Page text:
The English Program’s Homecoming Breakfast took place on Saturday, Oct. 13 in the ARC. The breakfast was attended by current members of the English program faculty and students, and by former alums of the program.
The featured speaker was Valorie Woerdehoff (’82). Woerdehoff has an undergraduate degree from Loras in English Creative Writing, and a graduate degree in Theology, also from Loras. She has worked at Loras for over 30 years in various positions, most recently in the grant writing office.
She has published nearly 300 poems and articles. She has been the recipient of numerous grants, including a grant from the Iowa Arts Council.
Woerdehoff began her talk by saying, “Dr. Koch asked me to share a few strategies that have helped me stay focused on my creative life, while allowing me to raise five children, now enjoying eight grandchildren, having a husband, and a full-time job.” While her passion is writing, she said, “For you it may not be writing; it might be some other expression of yourself.”
About the challenge of balancing work, family, and creative endeavors, she said, “We have so many demands on our time, so many distractions … it’s not easy to keep something alive for a really long time, and it’s something I’ve worked to include in my life, even on the fringes, and sometimes that’s where it’s had to be … but I’ve never given up on it …”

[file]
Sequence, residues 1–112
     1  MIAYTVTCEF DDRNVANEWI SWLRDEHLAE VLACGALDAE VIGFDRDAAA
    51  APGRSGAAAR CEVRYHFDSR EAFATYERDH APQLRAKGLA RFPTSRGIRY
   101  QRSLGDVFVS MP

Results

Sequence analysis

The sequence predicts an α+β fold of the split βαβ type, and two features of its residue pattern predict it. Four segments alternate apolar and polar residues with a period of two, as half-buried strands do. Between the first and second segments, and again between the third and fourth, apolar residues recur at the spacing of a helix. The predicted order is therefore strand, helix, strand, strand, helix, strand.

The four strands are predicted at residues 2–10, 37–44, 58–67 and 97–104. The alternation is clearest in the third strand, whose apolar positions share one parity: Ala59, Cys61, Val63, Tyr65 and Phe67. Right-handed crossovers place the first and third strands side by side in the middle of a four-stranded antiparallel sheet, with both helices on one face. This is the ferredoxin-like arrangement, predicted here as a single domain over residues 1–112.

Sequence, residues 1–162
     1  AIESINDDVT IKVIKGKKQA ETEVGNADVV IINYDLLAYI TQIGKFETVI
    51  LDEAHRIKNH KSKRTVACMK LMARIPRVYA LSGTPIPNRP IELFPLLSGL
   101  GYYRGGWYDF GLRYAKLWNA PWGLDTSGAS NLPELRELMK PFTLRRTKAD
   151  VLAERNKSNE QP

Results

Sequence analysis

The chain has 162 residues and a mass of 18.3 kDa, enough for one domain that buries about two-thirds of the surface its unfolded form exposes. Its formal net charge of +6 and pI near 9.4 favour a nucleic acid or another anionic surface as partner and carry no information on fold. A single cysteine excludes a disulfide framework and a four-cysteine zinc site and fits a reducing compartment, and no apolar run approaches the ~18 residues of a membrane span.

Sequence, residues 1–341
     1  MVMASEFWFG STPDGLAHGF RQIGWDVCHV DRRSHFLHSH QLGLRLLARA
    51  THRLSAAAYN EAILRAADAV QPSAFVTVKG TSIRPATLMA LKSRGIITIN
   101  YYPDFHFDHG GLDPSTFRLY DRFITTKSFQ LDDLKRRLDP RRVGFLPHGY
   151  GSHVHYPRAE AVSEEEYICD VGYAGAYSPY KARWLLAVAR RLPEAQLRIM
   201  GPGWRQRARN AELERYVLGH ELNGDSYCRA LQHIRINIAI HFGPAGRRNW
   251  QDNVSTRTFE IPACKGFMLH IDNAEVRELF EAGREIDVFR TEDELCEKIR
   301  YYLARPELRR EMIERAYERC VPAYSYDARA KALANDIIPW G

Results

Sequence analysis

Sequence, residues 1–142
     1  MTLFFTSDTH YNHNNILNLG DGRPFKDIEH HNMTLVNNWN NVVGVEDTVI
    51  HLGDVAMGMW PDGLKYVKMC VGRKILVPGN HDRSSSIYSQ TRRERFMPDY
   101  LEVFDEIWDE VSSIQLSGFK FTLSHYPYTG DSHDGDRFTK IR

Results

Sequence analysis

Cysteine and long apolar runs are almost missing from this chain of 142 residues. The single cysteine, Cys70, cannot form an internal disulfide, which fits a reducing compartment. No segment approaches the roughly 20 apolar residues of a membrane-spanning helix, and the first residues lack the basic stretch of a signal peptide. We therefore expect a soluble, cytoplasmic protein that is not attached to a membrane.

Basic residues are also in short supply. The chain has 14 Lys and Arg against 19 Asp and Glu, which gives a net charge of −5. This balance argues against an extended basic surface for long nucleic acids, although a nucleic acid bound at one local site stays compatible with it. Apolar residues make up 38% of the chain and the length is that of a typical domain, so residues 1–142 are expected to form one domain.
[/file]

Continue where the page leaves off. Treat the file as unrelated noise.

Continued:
“A key,” she said, “is continuing to learn … I encourage you, as time and life allows, to also keep learning – stay curious. Go pick up a book … I do have to be disciplined. I have to get off my phone just like anybody else; get off Facebook or whatever …”
She had some suggestions about making personal goals a priority. “Lots of folks make lists,” she said, “but (those things) can be accomplished whenever … a key move in making sure those things actually get done is to schedule those things.”
“You can’t just wait for the big chunks of time,” she said. “If you want to accomplish something in life, you’ve got to take advantage of the small chunks of time.”
For people interested in writing, Woerdehoff offered this advice: “It doesn’t have to be perfect … if you’re going to wait for perfection you’ll wait forever … you can always edit.” She added, “The world out there may never give you the credit for what you’re doing … there’s a lot of competition for people’s attention and time … if you write you may stack up loads of rejections… certainly I have; still do, all the time … get over it … keep moving.”
Above all, Woerdehoff told the group, “You must learn to live with hope, and not fear.”